May is Older Americans Month -

Senior Hunger Underscored During Older Americans Month

 On a sunny day in May, Paulette Pegues picks up her mother, Frances Pittman, 80, at her home three blocks away. They make the short drive to the parking lot at Unity Temple C.O.G.I.C. in Jackson, Tenn., where volunteers provide food designed for good health that will last them nearly two weeks.  This Mobile Pantry from Mid-South Food Bank is held at Unity Temple once a month, thanks to sponsorship by United Healthcare.

“The food is amazing. It’s a big help, and grace from the good Lord,” said a smiling Paulette, who especially appreciates the food for her mother. 

Mobile Pantry distributions that take place across Mid-South Food Bank's  31-county service area.  More and more, seniors make up the majority of clients served.  Many live on scant fixed incomes, leaving them in need of food assistance after paying rent, utilities and, especially, medical bills.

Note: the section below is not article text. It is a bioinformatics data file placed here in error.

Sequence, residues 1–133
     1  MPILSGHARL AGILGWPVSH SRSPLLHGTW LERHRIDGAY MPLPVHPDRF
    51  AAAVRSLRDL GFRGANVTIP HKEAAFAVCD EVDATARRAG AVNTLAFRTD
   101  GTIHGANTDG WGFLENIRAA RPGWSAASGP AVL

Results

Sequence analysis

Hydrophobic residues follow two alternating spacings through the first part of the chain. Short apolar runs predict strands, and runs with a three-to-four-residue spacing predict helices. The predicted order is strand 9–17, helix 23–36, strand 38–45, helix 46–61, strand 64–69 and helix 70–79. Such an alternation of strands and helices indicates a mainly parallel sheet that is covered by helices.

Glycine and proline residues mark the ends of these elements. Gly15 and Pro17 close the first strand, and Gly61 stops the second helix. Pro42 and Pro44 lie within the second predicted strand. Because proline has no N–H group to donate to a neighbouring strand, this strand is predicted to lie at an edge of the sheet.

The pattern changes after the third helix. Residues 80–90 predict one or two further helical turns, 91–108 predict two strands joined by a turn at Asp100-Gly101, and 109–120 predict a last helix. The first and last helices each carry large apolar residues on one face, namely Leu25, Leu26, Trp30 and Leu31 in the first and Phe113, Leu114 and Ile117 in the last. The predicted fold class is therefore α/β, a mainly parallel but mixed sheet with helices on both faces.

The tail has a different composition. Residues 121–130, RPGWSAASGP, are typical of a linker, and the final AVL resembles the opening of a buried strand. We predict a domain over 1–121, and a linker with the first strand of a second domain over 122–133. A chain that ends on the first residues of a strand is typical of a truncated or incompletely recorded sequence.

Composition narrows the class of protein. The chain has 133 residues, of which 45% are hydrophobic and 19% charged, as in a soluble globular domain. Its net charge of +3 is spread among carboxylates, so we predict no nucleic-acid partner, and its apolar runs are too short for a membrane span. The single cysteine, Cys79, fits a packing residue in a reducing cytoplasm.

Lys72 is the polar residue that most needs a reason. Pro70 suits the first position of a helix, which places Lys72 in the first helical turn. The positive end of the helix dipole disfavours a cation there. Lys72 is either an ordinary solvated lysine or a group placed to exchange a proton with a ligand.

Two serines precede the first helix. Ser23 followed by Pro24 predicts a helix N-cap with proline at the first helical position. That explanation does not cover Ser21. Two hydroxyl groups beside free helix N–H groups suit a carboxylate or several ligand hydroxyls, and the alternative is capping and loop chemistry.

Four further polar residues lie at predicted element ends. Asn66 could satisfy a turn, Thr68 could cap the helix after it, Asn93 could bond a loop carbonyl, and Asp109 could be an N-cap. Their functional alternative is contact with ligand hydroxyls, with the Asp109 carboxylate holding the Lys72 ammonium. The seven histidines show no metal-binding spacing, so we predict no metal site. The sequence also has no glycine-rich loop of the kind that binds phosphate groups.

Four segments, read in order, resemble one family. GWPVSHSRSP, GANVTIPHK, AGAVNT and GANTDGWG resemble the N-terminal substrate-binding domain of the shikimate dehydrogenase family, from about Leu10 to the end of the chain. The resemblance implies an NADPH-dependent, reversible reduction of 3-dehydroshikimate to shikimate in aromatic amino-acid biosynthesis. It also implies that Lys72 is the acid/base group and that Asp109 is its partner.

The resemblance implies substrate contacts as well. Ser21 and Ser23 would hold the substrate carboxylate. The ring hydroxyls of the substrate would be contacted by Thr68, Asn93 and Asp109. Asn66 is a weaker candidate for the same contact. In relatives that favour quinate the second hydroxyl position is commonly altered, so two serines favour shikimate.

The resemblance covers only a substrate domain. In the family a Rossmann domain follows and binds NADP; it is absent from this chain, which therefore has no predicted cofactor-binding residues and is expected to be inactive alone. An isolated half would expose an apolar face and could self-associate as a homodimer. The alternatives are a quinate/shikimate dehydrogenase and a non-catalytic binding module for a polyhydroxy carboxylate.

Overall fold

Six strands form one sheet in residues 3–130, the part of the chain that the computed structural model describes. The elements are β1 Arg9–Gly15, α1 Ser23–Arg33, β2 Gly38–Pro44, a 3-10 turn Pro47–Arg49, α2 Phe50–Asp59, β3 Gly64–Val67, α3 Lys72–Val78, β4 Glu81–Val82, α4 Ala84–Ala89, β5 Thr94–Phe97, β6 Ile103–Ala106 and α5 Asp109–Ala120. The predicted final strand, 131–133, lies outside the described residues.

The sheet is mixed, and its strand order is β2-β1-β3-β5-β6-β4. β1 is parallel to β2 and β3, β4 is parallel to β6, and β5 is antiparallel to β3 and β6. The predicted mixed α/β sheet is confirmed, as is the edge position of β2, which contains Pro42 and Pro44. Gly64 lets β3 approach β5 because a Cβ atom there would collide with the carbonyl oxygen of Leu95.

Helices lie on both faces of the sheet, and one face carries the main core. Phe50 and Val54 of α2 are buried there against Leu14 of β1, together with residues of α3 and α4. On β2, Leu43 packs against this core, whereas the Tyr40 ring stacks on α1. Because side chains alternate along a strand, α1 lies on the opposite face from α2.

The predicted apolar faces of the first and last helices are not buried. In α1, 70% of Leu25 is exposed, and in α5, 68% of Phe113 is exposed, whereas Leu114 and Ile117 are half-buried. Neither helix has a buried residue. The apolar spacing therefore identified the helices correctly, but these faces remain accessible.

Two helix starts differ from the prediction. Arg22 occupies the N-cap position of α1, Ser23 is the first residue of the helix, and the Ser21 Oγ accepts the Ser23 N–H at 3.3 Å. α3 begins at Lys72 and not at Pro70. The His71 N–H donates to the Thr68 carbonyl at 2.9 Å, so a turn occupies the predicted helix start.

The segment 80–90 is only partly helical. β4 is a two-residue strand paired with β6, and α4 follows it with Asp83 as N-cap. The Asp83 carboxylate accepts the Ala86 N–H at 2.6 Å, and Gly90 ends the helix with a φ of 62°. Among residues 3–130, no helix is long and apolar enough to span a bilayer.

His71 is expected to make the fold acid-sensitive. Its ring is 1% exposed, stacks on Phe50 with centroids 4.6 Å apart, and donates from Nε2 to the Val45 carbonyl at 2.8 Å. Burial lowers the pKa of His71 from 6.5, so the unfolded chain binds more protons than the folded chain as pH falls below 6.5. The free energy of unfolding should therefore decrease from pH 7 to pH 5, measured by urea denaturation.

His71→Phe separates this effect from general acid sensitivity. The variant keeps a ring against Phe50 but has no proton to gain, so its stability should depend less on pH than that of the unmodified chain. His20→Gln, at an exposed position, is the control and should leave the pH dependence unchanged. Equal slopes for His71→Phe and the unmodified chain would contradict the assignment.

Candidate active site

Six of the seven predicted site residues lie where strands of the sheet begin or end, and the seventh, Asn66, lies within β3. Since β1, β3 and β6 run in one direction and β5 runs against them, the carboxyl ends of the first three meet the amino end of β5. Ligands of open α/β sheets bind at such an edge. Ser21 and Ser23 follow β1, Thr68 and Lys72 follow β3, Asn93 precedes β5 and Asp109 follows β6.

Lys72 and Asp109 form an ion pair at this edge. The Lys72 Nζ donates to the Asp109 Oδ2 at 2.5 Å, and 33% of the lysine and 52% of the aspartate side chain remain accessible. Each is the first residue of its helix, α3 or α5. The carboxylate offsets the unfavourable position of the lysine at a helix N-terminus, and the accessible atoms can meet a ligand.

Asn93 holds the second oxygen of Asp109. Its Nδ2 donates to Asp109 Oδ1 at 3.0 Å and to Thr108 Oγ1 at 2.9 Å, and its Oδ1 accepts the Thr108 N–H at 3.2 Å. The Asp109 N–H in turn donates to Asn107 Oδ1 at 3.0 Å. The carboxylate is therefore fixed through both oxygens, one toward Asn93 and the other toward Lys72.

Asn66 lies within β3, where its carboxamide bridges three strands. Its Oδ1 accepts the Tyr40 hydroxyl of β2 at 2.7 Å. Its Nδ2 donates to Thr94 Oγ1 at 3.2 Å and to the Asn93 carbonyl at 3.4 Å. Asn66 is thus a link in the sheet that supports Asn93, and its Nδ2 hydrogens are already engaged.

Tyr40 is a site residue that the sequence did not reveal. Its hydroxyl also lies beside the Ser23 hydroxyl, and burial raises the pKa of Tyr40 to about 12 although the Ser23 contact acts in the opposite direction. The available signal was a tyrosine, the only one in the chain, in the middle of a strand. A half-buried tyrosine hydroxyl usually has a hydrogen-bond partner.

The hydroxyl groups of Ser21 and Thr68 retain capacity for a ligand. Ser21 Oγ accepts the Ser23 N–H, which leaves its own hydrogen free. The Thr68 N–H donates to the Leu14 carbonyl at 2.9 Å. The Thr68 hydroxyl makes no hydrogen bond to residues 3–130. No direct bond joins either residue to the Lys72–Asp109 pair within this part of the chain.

More than 5 million seniors face hunger in America, approximately 70,000 in the Mid-South, according to Feeding America. And 63 percent of seniors who receive food assistance say they regularly must choose to pay for either medical care or food – an unacceptable choice.

According to the National Resource Center on Nutrition, Physical Activity, and Aging, one in four older Americans has poor nutrition. Facing malnutrition puts seniors at risk of becoming overweight or underweight. It can also weaken muscles and bones, leaving them vulnerable to disease.

Paulette says that without the 45-pound box of food that includes vegetables, her mother would miss out on getting enough of the nutrition in her diet.  “The assistance helps in two ways. It helps put less strain on money for groceries, and the food, especially the meats we receive, provide protein we need and enjoy. I put the meats in soups I cook and it last longer and tastes great,” she said.

Posted by Andrew Bell at 12:33 PM
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